Do you enjoy a t-shirt and a good pair of blue jeans? You’re in a great place. Georgia farmers produce nearly two 480-pound bales of cotton per acre. One bale contains enough cotton to make 215 pairs of blue jeans or 1,217 men’s t-shirts. The farmers provide that soft comfort in addition to a vast array of food products. Georgia ranks first in peanut, pecan and poultry production. If you’re a consumer who enjoys any of these products, Worth County Farm Bureau invites you to join in celebrating Farm-City Week Nov. 21-27.
Farm-City Week highlights the relationship between the state’s farmers and their partners in urban areas who prepare, transport, market and retail the food and fiber farmers grow for the American consumer. Kiwanis International began Farm-City Week in 1966 to increase the understanding of the partnership between urban and rural residents. Farm days at schools, farm tours, banquets and mayoral proclamations are just a few of the activities that will be held in communities across Georgia to mark this annual event.
“Farmers take great pride in producing nutritious, delicious and safe food products, whether it’s fruits and vegetables, high-protein beef and poultry, as well as cotton and wood products from timber,” said Worth County Farm Bureau President Hank Youngblood. “Once the products leave our farms, our agribusiness partners prepare, market and transport the food and clothes to stores for consumers. Feeding and clothing America requires a massive team effort.”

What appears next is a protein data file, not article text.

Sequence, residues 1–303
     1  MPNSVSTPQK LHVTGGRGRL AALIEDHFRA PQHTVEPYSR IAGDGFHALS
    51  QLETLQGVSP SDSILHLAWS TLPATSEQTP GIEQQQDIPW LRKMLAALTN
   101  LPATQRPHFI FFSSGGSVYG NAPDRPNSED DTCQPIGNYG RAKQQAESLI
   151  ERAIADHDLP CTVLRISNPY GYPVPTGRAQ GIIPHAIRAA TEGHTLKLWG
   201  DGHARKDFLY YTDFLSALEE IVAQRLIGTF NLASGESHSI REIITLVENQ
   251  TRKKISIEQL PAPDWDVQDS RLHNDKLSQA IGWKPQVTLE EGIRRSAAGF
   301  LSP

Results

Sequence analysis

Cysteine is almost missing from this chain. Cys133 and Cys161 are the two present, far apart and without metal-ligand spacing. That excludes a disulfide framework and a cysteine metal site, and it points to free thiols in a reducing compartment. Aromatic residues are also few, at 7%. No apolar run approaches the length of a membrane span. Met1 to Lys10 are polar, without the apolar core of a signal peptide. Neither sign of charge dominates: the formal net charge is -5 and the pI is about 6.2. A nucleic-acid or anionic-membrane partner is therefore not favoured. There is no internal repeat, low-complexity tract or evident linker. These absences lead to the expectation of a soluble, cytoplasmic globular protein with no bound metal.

According to the University of Georgia Center for Agribusiness and Economic Development (CAED), food and fiber production and related businesses represent the largest or second largest segment of all goods and services produced in two-thirds of Georgia’s counties.
Food and fiber production and directly related processing directly and indirectly generated a total economic impact of $76.9 billion for Georgia and created more than 375,000 jobs in 2012, according to the UGA CAED. One in seven Georgians works in agriculture, forestry or an ag-related job, and almost half of the state’s manufacturing jobs are in agribusiness.
Georgia farmers lead the nation in producing broilers, peanuts and pecans, United States Department of Agriculture (USDA) statistics show. In 2012, the top ten commodities grown in Georgia were broilers, cotton, peanuts, eggs, beef, timber, corn, horses, dairy and greenhouse/nursery plants.
Georgia agriculture also helps our nation have a positive agriculture trade balance, which means we export more agricultural products than we import. In 2013, Georgia led all other states in exports of meat, poultry, and peanuts. Last year, Georgia companies exported almost $5 billion worth of meat and forestry products, part of the $144.1 billion worth of American agricultural products exported around the globe according to the USDA.
Farm-City Week is a great time to discuss how the economy impacts farmers and consumers. When you look at the price of groceries, remember that farmers receive only 16 cents out of every dollar spent on food at home and away from home, USDA statistics show. The rest of the food cost covers the expenses of wages and materials for food preparation, marketing, transportation and distribution, all of which have increased in price, too.
As you celebrate Thanksgiving this year and list the things for which you’re thankful, consider adding the farmers and the urban agribusiness employees who helped get the food you will eat this holiday season to your table.
Founded in 1937, Georgia Farm Bureau is the state’s largest general farm organization. Its volunteer members actively participate in activities that promote agriculture awareness to their non-farming neighbors. If you would like more information about agriculture please visit www.gfb.org or like Georgia Farm Bureau on Facebook.